“Some people want safety from crime. Some want to know their neighbors. Some folks with physical disabilities may need help from people nearby. The map created a network of appreciation for each other’s needs, skills, and what each person brings to the resilience network.”

Judy chimed in: “When my stepson moved out of his organized neighborhood, he gave his neighborhood map to the next renter and said ‘You need to have this. You need to give your contact info to others in the neighborhood.’”

Over time folks in the DEM realized what the NPREP group was accomplishing. The Jefferson County / Port Townsend Regional Emergency Preparedness (JPREP) group met quarterly with all emergency responders in their network, usually 25 people. They opened up their meetings to neighborhood organizers as well.

“As many as 15 community organizers attend now,” Judy said. “These meetings were really helpful to seeing the big picture of how we will survive. It’s greatly enhancing the sense of familiarity and connection between the neighborhoods and the more ‘official’ responders in the network.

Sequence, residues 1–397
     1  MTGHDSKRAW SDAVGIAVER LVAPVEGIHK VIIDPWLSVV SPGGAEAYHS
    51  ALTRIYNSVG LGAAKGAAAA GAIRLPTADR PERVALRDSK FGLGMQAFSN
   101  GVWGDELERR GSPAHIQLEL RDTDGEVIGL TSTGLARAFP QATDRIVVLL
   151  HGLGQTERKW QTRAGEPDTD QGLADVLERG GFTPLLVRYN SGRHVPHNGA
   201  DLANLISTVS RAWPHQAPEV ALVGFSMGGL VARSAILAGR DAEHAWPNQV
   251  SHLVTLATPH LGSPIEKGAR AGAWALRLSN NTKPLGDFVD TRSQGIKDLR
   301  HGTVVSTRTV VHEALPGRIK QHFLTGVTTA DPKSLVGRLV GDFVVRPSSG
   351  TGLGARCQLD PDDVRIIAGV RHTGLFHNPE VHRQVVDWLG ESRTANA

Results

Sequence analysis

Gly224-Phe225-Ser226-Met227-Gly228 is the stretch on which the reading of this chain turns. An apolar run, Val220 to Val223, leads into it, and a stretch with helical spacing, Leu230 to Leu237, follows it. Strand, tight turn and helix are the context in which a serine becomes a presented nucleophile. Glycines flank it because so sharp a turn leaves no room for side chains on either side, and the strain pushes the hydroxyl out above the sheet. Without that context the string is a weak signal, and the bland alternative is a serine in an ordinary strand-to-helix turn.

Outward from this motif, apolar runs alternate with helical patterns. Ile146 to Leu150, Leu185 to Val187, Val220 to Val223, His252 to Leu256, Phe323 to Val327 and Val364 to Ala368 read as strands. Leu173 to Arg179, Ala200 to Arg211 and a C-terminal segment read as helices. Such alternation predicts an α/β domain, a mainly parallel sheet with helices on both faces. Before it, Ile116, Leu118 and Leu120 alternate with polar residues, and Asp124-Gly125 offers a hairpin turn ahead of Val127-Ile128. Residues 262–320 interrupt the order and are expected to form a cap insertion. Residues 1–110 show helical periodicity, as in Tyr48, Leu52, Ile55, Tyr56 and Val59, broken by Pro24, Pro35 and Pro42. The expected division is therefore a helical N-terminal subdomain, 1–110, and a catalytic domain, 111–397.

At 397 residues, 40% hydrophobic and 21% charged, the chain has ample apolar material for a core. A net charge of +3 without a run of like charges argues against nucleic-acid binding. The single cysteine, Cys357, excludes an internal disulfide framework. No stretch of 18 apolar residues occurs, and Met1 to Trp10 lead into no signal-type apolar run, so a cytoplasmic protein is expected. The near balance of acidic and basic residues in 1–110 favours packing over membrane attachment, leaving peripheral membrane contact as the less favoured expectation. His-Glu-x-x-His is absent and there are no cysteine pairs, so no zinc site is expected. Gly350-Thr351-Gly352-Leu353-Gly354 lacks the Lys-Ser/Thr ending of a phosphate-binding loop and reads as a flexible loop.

“As Bob was fond of saying, ‘The day after a disaster isn’t the time to be exchanging business cards.’

“Our emergency management department counts on us to bring people together and to provide them with a lot of information from topic experts in the field. We held quarterly gatherings to support neighborhood organizers on such topics as crisis mental health,” Judy said.

“We tried hard not to cross purposes with the DEM. It wouldn’t be healthy for the relationship if we started promoting ideas or materials they hadn’t bought into,” Deborah reflected.

Judy agreed: “If we suggested things too far outside their comfort zone, their eyes would glaze over. When they suggested things like the radio network, our eyes glazed over. We didn’t have the technology comfort. They didn’t have the relational comfort. The important thing was that we respected each other’s strengths, and were able to work out a healthy balance, a synergy actually, between tech and relationships.”

Deborah and Judy emphasized the importance of empathy in these working relationships.

“A lot of people are passionate about what they believe in. They want to change others’ beliefs.”

That’s rarely productive.

For example, Judy shared that one DEM member was invested in the online tool NextDoor.

“I was like, ‘No way do I want to use NextDoor!’ Guess what, I signed up for NextDoor 6 months ago. He convinced us that tech solutions were real solutions and we convinced him that relationships really matter.